Suffolk: Dramatic rise in number of emergency care assistants attending 999 calls in place of paramedics
PUBLISHED: 12:20 22 January 2014 | UPDATED: 12:20 22 January 2014
Medical support staff with as little as six weeks training are responding to thousands of emergency 999 calls instead of qualified paramedics at the East of England Ambulance Service, it can be revealed.
New figures highlight the dramatic rise in the number of emergency calls attended by only Emergency Care Assistants (ECA).
According to the EEAST data, 18,815 emergency calls were attended solely by ECAs last year - a rise on the 767 recorded in 2011.
ECAs are being used as “first responders” and put in charge of ambulances called to a range of potentially life-threatening situations where they have, in cases, been required to resuscitate patients.
ECAs are trained in emergency first aid, deliver a range of clinical care under supervision, use ambulance equipment, are trained in emergency driving and assist with restocking and cleaning the vehicles and equipment after use.
Official guidance states ECAs should provide support to, and be guided by, more qualified clinical staff and that they should be crewed with, and normally work alongside, a paramedic as part of a frontline crew.
Gary Applin, UNISON branch secretary at EEAST, said the union warned ECAs should not be used as a frontline resource as they do not have enough training to deliver a “sufficient range of emergency clinical care”.
He added: “Despite being hard-working and dedicated professionals they often find themselves in situations that risk their own safety and patient care.
“It is particularly risky when the Trust crews an ambulance with two ECAs and it is then sent to be the first vehicle on the scene of an incident or to back up a solo responder.
“Patients often expect them to deliver a level of clinical care that they are unable to do.
“Moreover because they are unable to respond to a patient with deteriorating health, they often can’t transport a patient to hospital without being escorted by a paramedic in another vehicle.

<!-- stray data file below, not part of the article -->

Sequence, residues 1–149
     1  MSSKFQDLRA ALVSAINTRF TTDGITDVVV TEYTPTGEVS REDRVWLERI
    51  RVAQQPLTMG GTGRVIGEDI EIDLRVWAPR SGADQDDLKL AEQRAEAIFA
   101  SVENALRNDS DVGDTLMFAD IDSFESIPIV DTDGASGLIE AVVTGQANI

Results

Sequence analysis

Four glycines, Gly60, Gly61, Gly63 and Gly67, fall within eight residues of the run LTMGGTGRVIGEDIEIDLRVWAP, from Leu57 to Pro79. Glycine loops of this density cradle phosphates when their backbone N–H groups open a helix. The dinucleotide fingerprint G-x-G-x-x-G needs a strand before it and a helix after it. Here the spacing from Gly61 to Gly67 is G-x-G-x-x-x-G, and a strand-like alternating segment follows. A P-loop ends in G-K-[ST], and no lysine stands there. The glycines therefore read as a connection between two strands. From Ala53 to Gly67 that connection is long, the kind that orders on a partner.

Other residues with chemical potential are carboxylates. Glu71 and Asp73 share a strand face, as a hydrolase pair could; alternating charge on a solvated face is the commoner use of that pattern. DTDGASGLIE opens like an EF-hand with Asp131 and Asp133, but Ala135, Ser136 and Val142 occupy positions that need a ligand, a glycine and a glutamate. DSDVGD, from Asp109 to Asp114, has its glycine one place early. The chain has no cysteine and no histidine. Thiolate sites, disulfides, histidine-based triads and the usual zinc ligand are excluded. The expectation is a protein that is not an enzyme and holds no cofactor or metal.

“This means that two vehicles are being deployed to transport a single patient – a crazy way to deploy resources when there are not enough ambulances on the road.”
EEAST employs 445 ECAs who attended a total of 24,232 emergency calls between 2011 and 2013.
Junior health minister Dr Dan Poulter, MP for North Ipswich and Central Suffolk, said it was time for EEAST to “get a grip”.
He added: “The Marsh review, which was published last summer, highlighted some of the catastrophic failures in management at the trust and clearly one of those issues, recently highlighted by high profile cases in Norfolk, is where people, with not necessarily the right skills, have been sent to deliver care in inappropriate situations.
“There are real concerns over some of the decisions made by senior management from 2010 to the publication of the Marsh review.
“We have now got to give the Trust some time to get a grip on these issues and sort them out but they need to do so quickly.
“We need to see the senior management invest in the right numbers of staff on the frontline and the right vehicles to deliver the service patients in Suffolk deserve.”
Dr Poulter said Suffolk MPs will hold a meeting with EEAST in the spring holding them to account to ensure the service is making the necessary progress.
Rob Ashford, EEAST’s director of service delivery, said the Trust is no longer recruiting ECAs - a move which has been welcomed by UNISON.
Mr Ashford added: “We recognise that we need more paramedics which is one of the reasons why we’ve stopped recruiting ECAs and will only be taking on graduate and student paramedics as this will undoubtedly improve the care we give to patients.
“Our current ECAs remain a vital part of the workforce but over the coming months we will be looking to train as many of them as possible as emergency medical technicians and hopefully, thereafter, paramedics. Developing our workforce is the right thing to do for staff and patients.”